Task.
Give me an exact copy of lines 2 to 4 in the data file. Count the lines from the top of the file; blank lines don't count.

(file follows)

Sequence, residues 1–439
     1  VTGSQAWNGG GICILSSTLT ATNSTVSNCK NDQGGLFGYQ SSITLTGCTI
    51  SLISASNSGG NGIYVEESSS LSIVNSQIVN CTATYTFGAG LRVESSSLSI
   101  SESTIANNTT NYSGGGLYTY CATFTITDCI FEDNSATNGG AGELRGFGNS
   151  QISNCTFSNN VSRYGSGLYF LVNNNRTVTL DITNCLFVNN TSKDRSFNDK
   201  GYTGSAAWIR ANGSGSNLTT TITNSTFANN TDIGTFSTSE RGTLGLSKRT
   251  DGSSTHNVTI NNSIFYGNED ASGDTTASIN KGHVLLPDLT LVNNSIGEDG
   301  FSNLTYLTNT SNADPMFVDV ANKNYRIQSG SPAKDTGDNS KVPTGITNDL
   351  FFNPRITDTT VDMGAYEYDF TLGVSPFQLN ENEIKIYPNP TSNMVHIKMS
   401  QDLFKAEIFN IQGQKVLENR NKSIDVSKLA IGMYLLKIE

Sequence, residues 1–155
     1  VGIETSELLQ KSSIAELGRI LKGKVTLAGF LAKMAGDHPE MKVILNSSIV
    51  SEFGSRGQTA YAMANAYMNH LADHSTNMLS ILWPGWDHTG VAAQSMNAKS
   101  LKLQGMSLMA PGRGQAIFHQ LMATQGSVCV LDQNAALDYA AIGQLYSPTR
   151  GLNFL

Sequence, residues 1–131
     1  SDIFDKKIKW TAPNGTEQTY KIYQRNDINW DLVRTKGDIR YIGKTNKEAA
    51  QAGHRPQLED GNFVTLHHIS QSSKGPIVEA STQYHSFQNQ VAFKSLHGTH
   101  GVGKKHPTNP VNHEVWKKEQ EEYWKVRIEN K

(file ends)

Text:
     1  VTGSQAWNGG GICILSSTLT ATNSTVSNCK NDQGGLFGYQ SSITLTGCTI
    51  SLISASNSGG NGIYVEESSS LSIVNSQIVN CTATYTFGAG LRVESSSLSI
   101  SESTIANNTT NYSGGGLYTY CATFTITDCI FEDNSATNGG AGELRGFGNS